Franchise Thoughts: Boxing Needs 21st Century Media Plan

I exchanged a few tweets with Kevin Iole of Yahoo! Sports yesterday concerning his latest column, the crux of which was the decline of newspaper coverage of boxing and the negative impact it's had on the creation of the next generation of mainstream stars.

Newspapers have so many problems right now that they are in danger of shuffling toward extinction, so I wasn't sure if convincing them to cover the sport again was really a goal worth chasing. But Iole explained that without them to put the bouts in context, to explain to people why they should care about the fights and fighters, there won't ever be the proper awareness of boxing to restore its previous standing in the public consciousness.

The days of boxing "beat writers" for newspapers are gone for good. Network TV, one of the few old school media outlets that can still wield tremendous influence, doesn't seem too interested in boxing either.

With the tools of the past no longer viable, boxing needs to be more open-minded about the present and future. And that's where things need to improve drastically.

Iole points out the sport's solid online presence, but the same article has promoter Lou DiBella and writing legend Michael Katz bemoaning the fact that most internet sites are for hardcore fans only. It's a fair point - you aren't visiting MaxBoxing, Boxing Scene or even a little blog like this one if you aren't already an enthusiast.

Still, the long-form human interest-type stories are out there on the internet. Not just in print either, as web shows like HBO's excellent Ring Life fill the same role. The challenge facing the sport isn't one of content, but of distribution.

That's also true for the fights themselves. Boxing is bigger in many other countries than it is in the U.S., and yet too many fans can't watch the best fights (legitimately anyway) when they air on American premium cable channels or pay-per-view.

Why isn't there streaming video or audio of fights available for a fee to people around the world? I'm sure someone who knows more than I do about the business side of boxing knows the reason, but it better be a good one considering how vital the question appears.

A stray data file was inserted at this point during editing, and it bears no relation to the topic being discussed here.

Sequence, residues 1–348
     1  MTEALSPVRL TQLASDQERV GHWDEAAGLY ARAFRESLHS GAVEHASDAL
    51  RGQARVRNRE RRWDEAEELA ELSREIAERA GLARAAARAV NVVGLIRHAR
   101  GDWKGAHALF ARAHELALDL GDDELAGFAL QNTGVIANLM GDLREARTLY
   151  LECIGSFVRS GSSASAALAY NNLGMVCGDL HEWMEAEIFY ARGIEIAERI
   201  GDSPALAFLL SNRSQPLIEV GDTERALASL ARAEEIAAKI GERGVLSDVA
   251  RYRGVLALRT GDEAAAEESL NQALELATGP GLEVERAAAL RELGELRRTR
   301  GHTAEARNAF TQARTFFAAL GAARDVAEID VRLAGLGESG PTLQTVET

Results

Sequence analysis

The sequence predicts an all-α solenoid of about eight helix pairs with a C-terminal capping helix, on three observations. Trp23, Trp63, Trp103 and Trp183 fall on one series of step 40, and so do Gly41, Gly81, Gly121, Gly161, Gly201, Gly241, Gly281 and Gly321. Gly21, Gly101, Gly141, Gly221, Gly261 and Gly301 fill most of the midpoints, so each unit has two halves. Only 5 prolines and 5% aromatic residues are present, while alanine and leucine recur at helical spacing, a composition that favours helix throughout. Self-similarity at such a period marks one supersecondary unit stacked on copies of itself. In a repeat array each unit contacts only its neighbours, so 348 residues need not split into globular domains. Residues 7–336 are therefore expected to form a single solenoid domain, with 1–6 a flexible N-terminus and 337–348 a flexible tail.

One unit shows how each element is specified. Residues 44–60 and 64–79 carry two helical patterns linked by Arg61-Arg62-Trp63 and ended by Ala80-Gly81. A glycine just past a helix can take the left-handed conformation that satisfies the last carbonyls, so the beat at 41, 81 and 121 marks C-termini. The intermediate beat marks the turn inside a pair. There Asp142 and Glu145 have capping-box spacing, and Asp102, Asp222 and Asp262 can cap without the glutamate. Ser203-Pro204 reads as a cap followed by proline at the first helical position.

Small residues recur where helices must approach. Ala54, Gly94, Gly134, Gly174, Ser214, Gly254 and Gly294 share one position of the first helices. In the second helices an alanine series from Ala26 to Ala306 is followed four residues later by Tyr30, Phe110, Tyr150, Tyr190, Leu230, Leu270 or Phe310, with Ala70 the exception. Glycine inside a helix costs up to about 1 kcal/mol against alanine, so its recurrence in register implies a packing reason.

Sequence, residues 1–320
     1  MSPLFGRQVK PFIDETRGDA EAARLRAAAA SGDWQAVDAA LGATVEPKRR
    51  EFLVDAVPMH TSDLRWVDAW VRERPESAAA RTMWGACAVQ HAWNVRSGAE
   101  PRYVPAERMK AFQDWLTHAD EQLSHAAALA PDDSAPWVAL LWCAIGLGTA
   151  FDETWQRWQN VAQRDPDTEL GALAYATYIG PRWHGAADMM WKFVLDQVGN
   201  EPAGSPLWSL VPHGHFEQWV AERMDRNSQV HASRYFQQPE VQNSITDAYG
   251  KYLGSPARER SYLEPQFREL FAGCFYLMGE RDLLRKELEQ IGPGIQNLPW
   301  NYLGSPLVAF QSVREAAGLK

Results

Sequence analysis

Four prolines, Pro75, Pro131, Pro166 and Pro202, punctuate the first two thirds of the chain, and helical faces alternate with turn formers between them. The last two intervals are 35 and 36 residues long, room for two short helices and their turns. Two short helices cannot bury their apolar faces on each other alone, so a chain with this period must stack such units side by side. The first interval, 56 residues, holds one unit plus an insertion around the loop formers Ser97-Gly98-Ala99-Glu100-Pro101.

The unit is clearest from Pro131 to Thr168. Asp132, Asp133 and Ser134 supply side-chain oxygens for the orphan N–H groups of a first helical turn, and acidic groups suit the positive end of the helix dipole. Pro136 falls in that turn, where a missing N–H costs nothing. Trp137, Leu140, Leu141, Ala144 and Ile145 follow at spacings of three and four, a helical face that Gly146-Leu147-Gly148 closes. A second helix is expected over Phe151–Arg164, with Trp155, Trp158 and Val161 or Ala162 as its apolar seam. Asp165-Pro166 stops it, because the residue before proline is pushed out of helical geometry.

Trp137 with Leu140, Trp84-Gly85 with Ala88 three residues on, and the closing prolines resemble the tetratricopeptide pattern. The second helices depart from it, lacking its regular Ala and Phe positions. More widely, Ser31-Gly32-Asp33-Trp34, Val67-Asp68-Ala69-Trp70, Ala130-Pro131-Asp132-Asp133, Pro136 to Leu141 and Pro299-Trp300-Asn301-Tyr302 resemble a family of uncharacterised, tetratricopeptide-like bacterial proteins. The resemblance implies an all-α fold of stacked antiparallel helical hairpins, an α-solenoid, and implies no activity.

The bigger more popular U.S. sports organizations like the NFL and NBA have been enthusiastic about using emerging technologies to supplement their tried and true publicity efforts, partially because they have an eye on expanding their reach to other countries. Boxing already has a global reach, but it lags behind in figuring out how to exploit it.

Boxing promoters, managers and PR people need to be early adopters. They need to be on top of what the current big thing is in terms of communication (like, say, Twitter) and have their eyes open for the next one as well. They should be cultivating any and all forms of new media, as it's never clear which one may explode and help put the sport in front of a wider audience.

Some retro thinking has helped the live gates for recent fights by putting boxers closer to their local fans. That's a smart way to go, but it's exactly the opposite of the mindset that's necessary to push the sport in-between big bouts.

Newspapers and CBS aren't coming to save the day. We're almost a full decade into the new century, and it's high time for boxing's media approach to reflect that.

Posted by The Franchise

1 comment:

uatu said...

My guess is, and I don't know the business details, is that the NFL and NBA can easier negotiate distribution deals because they are collective leagues. Boxing is fragmented through different promoters who mostly negotiate, at least it appears to me, on a per-event basis.

Look at what the UFC is able to do. That is because they have all of the fighters under contract to them. Boxing doesn't have that.